[National Intel] House reauthorizes spy program credited with preventing cyber attacks

The House on Thursday voted to reauthorize a key provision in the Foreign Intelligence Surveillance Act, Section 702, with one new caveat: The FBI would be required to get a warrant to view the content of Americans’ communications that were swept up in authorized foreign surveillance.

Earlier, President Trump tweeted that the program was misused by the Obama administration to improperly spy on his presidential campaign — a claim that an increasing number of congressional members say is substantiated by evidence they have seen as they probe allegations of Trump-Russia collusion in the 2016 election.

But the House nevertheless overwhelmingly voted 256-164 to reauthorize the provision, and now the legislation heads to the Senate, where it is also expected to pass. Trump said he would sign the bill, which reauthorizes the provision for another six years.

The bill was supported by Director of National Intelligence Dan Coats, who called foreign intelligence collection the “holy grail” that provides the U.S. government with invaluable insight into adversaries’ thinking, habits, and planned actions.

Supporters of the program say it has also prevented a host of cyber attacks on critical U.S. infrastructure. [source]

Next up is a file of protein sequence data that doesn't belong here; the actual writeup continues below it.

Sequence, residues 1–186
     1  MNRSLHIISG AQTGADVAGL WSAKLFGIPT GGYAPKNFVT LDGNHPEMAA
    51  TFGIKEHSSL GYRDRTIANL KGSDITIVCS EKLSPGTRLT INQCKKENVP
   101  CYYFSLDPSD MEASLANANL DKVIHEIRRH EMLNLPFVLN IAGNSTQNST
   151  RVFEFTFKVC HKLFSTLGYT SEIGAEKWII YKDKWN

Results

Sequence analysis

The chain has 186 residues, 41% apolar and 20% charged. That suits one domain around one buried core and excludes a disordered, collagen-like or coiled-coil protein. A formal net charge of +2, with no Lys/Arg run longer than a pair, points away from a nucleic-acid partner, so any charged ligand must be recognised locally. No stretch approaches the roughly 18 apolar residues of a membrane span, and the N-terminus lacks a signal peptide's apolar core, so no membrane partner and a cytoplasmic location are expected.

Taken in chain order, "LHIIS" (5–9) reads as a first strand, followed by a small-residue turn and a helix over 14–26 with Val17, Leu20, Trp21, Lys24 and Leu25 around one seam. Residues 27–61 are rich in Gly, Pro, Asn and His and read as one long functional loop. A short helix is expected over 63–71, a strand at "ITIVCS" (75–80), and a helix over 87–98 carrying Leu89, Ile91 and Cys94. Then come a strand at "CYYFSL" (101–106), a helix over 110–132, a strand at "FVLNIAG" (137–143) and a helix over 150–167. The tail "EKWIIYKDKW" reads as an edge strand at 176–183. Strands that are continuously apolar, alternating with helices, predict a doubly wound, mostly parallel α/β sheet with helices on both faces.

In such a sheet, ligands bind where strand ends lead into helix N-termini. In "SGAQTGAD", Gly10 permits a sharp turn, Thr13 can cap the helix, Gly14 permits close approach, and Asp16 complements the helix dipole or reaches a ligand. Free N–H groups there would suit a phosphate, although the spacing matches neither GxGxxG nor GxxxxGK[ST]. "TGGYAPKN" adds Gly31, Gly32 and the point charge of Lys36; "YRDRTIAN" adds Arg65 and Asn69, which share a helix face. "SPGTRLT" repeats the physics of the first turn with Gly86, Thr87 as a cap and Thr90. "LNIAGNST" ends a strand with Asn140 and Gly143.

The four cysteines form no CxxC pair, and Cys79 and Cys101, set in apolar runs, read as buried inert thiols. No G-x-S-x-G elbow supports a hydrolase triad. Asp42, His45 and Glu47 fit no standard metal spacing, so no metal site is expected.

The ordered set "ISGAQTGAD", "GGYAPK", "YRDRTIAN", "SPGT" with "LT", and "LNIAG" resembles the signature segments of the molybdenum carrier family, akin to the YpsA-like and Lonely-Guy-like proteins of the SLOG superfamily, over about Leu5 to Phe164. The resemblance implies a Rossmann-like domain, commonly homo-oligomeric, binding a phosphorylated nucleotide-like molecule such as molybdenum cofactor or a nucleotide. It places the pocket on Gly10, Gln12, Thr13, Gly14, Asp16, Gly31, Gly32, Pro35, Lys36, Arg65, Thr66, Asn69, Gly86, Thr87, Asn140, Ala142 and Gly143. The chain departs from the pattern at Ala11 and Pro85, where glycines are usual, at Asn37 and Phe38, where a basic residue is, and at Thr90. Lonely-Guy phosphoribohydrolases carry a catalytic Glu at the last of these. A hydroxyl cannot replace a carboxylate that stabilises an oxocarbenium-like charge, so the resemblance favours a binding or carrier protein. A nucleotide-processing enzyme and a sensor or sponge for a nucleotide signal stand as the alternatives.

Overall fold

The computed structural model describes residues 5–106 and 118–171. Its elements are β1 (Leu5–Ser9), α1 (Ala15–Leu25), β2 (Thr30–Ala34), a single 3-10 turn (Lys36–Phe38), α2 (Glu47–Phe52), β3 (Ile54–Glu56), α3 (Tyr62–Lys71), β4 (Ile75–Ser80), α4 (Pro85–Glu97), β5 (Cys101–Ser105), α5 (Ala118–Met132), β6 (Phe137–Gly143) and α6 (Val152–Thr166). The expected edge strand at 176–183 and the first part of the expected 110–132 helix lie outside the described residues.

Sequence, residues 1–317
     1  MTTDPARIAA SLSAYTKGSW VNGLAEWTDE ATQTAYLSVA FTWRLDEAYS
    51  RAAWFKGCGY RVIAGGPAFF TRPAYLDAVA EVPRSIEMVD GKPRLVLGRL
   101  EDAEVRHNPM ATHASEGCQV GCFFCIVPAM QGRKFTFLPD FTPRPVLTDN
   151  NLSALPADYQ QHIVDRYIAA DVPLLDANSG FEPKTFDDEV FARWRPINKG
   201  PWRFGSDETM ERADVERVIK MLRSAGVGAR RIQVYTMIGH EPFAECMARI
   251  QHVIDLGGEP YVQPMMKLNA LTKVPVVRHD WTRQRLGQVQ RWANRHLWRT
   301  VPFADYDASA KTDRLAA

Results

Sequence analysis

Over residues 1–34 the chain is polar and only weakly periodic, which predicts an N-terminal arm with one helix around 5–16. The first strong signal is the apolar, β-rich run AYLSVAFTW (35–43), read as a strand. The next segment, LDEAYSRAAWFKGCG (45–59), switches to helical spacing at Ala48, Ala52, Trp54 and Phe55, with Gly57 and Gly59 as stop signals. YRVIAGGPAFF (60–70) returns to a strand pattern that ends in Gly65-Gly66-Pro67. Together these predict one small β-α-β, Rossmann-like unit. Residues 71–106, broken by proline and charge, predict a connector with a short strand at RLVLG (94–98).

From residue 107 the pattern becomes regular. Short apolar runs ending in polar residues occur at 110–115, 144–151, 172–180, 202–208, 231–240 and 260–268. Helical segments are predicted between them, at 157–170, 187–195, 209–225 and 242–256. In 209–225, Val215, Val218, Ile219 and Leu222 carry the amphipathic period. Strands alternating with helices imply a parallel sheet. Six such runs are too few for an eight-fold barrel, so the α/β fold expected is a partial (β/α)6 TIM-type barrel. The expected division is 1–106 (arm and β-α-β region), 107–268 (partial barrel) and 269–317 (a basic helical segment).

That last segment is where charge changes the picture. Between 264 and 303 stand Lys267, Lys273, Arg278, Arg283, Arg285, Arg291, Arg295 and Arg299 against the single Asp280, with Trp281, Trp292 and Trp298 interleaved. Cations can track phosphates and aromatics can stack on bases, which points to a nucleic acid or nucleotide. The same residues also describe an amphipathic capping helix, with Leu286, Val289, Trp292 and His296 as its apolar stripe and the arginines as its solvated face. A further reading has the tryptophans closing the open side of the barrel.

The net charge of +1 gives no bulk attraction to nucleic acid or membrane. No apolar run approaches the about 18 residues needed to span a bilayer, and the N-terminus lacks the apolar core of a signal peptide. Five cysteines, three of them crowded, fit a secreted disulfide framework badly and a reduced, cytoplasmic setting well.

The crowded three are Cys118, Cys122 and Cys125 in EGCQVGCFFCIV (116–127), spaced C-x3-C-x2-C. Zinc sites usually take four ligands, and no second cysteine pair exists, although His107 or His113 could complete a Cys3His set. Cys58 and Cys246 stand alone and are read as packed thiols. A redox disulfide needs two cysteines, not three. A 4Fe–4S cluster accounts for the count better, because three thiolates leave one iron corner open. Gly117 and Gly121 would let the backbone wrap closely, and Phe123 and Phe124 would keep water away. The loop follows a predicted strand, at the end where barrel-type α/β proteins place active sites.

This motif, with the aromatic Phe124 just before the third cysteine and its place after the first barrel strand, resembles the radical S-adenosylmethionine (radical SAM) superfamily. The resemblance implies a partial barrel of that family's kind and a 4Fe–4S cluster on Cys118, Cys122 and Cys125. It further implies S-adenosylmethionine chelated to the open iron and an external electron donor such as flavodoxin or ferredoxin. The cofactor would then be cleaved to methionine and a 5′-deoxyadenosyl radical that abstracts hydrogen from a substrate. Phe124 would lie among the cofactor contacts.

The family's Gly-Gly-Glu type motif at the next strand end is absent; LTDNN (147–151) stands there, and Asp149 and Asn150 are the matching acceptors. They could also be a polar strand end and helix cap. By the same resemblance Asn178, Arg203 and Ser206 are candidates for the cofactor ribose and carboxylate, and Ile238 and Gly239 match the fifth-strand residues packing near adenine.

Information in this article helps satisfy Priority Intelligence Requirement 3 for National Intelligence: How are state and federal agencies preparing for domestic conflict and/or instability?

(Analyst comment: No matter what you think of Trump’s claims regarding the alleged abuse of 702 by the Obama administration, lawmakers and intel pros who praise it as a valuable intelligence tool are absolutely correct. The politics aside, practical application of 702 by U.S. intelligence agencies is responsible for thwarting an incalculable number of security threats — to infrastructure, national defense, and other security concerns. The process isn’t perfect and at times can be and has been abused, but that is a rarity. The legal mechanisms in place to ensure the government ‘behaves itself’ are as good as they can be, given that the system is managed and overseen by humans. And the fact is, the government’s principal responsibility is defending the nation from threats. Hamstringing intelligence agencies dramatically decreases the government’s ability to perform that all-important function and puts every single American at risk.)

Jon E. Dougherty is a political, foreign policy and national security analyst and reporter with nearly 30 years of experience in both fields. A U.S. Army veteran of Operation Enduring Freedom, he holds BA in Political Science from Ashford University and an MA in National Security Studies/Intelligence Analysis from American Military University.

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